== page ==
ABRAHAM Vs. VENKADU
LAWS(APH)-1955-8-22
HIGH COURT OF ANDHRA PRADESH
Decided on August 05,1955

GUMMALLA ABRAHAM Appellant
VERSUS
LANKAPALLI VENKATESWARLU Respondents

JUDGEMENT

Bhimasankaram, J. - (1.)This Second Appeal and the connected Civil Revision Petition were directed to be posted before a Bench by the Learned Chief Justice of the Madras High Court in order to reconsider the decision in Chinna Nagiah v. Pullayya ' and to define the scope of Sec. 13 of the Madras Hereditary Village Offices Act. They have since been transferred to the Andhra High Court under the Andhra State Act.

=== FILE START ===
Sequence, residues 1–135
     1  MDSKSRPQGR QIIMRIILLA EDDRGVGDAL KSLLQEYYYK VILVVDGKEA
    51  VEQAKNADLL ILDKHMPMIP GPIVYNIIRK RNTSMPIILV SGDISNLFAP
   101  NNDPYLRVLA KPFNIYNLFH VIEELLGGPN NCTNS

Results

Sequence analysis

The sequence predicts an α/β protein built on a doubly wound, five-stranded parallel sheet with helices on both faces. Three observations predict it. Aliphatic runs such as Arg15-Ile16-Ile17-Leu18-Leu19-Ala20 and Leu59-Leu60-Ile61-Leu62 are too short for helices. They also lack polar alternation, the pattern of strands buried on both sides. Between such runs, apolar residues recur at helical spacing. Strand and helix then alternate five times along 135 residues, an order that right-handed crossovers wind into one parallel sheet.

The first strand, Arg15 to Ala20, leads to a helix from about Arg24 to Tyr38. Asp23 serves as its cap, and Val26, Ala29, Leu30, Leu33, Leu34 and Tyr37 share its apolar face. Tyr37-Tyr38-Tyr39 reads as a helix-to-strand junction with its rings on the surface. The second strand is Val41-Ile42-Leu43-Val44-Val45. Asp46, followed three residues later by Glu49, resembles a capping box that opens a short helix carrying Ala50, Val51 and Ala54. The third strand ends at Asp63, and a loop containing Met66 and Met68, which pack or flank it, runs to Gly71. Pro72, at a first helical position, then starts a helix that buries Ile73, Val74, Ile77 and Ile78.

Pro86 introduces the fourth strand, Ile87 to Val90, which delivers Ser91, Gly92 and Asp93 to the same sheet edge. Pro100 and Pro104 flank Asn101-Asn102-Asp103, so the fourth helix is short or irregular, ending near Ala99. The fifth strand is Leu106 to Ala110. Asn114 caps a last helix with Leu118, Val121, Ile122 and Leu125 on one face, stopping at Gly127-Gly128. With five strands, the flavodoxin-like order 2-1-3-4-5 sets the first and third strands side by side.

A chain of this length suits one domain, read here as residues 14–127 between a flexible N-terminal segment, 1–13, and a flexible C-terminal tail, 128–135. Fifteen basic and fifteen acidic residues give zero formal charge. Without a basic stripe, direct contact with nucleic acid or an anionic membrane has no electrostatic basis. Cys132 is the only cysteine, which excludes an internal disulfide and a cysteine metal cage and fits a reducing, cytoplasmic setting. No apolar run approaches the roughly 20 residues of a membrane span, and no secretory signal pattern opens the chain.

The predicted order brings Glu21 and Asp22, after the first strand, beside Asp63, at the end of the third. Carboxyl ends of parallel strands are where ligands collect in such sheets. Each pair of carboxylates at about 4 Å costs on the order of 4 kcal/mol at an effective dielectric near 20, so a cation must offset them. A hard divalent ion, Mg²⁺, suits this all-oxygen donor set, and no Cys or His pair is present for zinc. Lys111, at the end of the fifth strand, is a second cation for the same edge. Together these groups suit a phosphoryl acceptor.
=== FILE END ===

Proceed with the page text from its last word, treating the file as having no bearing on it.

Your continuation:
(2.)The Second Appeal and the Civil Revision Petition arise out of two Original Suits Nos. 287 and 272 of 1947 respectively. They both relate to what is found to be Chamarri service inam land. The two plaintiffs in O. S. No. 287 of 1947, and the father of the sole plaintiff in O. S. No. 272 of 1947 while being holders of the office of Chamarri service in the village of Arthamuru alienated the items covered in both the suits in favour of one Gummalla Abraham who is the defendant in both the suits, under two separate usufructuary mortgage deeds of the same date i. e. 30-10-1927. The plaintiffs in both the suits question the validity of these alienations and seek to recover the property from the defendant on the ground that The alienations are void in law. The defendant disputed inter alia the jurisdiction of the Civil Court to entertain the suits. The first court found that the lands are inalienable and that the bonds are void but returned the plaints for presentation to the proper Court, being of the view that the suits were not maintainable in the civil court. Appeals were taken to the Court of the Subordinate Judge of Rajahmundry and numbered .as C. M. A. Nos. 69 and 71 of 1948 respectively. The only question argued before the learned Subordinate Judge was whether the Civil Court had jurisdiction to entertain these suits, in view of Sections 13 and 21 of the Madras Hereditary Village Offices Act (III of 1895). Both the appeals were allowed by the Subordinate Judge who held that the Civil Court had jurisdiction in the matter. S. A. No. 1183 of 1949 is against the decision of the Subordinate Judge in C. M. A. No. 71 of 1948 which arose out of O. S. No. 287 of 1947, while the Civil Revision Petition No. 1040 of 1949 is against the decision in C. M. A. No. 69 of 1948. Because the other suit O. S. No. 272 of 1947 was remanded to the trial court for the determination of certain issues of fact, a Civil Revision Petition lias been filed against the order of remand.